Brzezinski’s third item on his list of impediments preventing Obama from succeeding in foreign policy is the ignorant American public. Here he returns to the same old nag that he has been flogging in his last two books when complaining about the American political landscape. Brzezinski has never squared the logic of his calling for American worldwide hegemony with criticizing the people comprising the democracy as a bunch of undereducated nitwits who are taken in by simplifiers and demagogues. Mr Brzezinski, shame on you! This all smells of vile elitism.


If, as manifestly seems to be the case, the majority of the American public and its Establishment is not yet ready for substantial change in U.S. foreign policy to move us beyond the unsupportable American Empire into a more equitably shared and sustainable world governance, then it is the first duty of the Chief Executive to undertake the re-education of the nation. With patience and encouragement, national perceptions can be changed. It would be useful if Mr Obama paid more attention to the traditions of his own party, where FDR once upon a time moved his isolationist country into the front ranks of internationalists.   Sad to say, this kind of painstaking work is not going on today. Nor is the President surrounded with aides and advisors who have themselves surmounted the blinders of the recent past and who can assist him in his leadership role.


Now we come to the very conclusion of Brzezinski’s article in which he lets the ball drop, telling us that ‘Advocating that something happen is not the same as making it happen.” He calls upon the President to exercise decisive leadership, ‘to pursue with tenacious audacity the soaring hopes he unleashed.” Put in less charitable terms, Mr. Brzezinski is acknowledging that in the realm of international affairs, all we have gotten from this President so far is hot air. And the fault, one may surmise, is not in the stars….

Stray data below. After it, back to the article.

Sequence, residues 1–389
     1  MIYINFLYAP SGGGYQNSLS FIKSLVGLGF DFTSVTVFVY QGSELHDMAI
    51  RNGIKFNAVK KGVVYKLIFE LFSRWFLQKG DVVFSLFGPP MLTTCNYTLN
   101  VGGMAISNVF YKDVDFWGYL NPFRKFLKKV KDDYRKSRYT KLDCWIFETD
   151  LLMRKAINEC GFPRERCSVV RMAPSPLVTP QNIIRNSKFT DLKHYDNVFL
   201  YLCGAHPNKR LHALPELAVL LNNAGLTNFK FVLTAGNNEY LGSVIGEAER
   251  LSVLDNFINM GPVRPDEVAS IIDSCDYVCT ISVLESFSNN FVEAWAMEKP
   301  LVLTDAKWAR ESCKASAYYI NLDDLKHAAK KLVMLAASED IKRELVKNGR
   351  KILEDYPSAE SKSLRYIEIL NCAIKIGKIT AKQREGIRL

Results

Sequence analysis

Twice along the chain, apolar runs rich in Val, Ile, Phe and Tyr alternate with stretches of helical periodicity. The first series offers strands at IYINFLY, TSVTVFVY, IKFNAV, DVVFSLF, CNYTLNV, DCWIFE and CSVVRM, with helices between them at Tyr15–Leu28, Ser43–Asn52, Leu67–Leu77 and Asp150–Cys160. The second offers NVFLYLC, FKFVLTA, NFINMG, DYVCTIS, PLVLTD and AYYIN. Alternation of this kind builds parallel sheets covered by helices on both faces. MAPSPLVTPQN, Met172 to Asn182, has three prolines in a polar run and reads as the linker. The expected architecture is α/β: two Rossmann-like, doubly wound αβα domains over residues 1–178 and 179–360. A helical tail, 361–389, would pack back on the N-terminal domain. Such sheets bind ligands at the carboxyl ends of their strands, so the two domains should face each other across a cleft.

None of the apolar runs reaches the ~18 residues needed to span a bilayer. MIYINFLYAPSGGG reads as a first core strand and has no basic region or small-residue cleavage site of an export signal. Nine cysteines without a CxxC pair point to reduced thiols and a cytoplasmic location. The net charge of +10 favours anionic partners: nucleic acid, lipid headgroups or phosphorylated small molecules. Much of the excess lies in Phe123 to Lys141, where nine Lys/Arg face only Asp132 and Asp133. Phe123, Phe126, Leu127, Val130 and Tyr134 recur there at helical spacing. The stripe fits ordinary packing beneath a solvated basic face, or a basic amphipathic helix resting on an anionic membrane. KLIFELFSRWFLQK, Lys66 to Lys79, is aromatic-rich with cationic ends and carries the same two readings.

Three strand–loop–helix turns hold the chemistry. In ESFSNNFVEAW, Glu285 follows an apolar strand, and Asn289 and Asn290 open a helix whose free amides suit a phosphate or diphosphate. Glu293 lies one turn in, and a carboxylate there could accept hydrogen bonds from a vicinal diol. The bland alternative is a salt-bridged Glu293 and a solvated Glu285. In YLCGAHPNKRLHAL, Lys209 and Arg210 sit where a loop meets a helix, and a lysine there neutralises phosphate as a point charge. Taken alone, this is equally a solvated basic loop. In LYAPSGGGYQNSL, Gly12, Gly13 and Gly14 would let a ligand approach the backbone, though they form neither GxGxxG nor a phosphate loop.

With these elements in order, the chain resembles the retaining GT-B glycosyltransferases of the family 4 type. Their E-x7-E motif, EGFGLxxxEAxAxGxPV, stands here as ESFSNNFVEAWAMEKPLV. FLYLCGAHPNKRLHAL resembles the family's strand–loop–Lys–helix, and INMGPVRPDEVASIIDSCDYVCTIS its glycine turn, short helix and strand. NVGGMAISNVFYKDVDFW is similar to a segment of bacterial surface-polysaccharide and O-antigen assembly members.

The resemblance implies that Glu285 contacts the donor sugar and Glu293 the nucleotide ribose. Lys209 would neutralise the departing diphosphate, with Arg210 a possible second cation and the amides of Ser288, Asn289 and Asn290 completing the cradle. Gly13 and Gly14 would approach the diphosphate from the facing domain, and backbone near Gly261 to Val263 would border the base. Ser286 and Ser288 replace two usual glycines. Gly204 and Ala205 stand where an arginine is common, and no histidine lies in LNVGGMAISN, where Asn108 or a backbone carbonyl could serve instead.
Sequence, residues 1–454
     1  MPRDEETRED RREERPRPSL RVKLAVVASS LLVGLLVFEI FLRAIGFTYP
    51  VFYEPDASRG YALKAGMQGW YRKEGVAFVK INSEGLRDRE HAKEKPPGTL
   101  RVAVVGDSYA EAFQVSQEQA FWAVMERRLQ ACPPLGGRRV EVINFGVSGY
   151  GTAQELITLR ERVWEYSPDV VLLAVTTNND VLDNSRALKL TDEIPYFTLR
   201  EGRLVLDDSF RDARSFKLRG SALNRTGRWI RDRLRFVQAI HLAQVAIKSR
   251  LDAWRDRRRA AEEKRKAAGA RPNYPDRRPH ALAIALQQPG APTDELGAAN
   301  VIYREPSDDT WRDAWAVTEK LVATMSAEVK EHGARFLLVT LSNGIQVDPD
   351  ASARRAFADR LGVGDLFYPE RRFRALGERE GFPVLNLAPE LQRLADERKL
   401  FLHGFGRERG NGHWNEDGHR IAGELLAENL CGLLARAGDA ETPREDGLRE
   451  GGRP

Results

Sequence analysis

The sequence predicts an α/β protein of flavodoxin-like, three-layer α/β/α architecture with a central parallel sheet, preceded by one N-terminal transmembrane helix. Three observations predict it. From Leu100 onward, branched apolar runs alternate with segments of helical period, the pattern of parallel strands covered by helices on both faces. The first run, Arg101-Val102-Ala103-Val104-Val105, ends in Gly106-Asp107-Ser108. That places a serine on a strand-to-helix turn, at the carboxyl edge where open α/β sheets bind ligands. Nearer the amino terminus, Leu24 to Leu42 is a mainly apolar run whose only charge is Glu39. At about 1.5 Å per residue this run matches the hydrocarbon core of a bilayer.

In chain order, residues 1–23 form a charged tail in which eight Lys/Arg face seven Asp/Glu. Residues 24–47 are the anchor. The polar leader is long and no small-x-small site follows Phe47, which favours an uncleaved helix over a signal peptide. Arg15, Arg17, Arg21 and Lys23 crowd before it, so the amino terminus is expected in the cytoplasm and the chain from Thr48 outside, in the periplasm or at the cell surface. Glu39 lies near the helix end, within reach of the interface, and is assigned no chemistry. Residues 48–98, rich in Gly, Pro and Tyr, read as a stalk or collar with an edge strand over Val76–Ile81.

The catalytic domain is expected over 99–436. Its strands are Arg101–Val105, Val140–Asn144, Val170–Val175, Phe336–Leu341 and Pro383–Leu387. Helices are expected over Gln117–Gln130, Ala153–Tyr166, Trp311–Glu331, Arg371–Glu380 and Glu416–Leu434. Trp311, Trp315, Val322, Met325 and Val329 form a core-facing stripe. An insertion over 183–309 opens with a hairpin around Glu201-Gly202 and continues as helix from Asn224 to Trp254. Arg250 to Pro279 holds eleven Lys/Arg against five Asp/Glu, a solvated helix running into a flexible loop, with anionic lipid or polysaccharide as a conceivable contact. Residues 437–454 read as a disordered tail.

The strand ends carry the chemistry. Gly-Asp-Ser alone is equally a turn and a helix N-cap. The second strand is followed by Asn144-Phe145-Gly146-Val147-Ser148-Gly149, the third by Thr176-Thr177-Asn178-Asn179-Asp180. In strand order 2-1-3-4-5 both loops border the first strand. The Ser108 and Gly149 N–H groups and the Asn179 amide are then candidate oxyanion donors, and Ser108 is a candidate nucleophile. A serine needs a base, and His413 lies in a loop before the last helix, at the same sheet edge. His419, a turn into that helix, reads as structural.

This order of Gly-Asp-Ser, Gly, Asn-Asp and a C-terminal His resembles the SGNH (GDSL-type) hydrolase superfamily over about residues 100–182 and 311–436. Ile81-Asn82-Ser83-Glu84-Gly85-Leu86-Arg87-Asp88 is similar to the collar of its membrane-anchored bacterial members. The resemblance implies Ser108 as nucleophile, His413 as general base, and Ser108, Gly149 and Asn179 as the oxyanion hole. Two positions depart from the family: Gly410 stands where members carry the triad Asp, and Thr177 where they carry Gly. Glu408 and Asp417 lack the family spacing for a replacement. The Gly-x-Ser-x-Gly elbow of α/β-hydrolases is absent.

I cringe when I think of Obama’s accepting the Nobel Peace Prize, not to mention the ‘in your face’ speech justifying the war in Afghanistan that he delivered in Oslo. If he could have escaped for a moment from the clutches of the flatterers and handlers who have surrounded him ever since he moved into the White House, Barack Obama, the man of the people, would have turned down the Prize as unearned. That would have been the decent thing to do.


There are years, in fact, when one or another Nobel Prize is not awarded because the harvest of candidates is too weak. Obviously 2009 was one such year and there was no reason to cover this up with an award to Obama for his not being Bush.


© Gilbert Doctorow, 2009



G. Doctorow is an occasional guest lecturer at St. Petersburg State University. His latest book  Stepping Out of Line: Collected (Nonconformist) Essays on Russian-American Relations, 2008-12 is scheduled for publication in April 2013 and will be available from Amazon in paperback and e-book editions.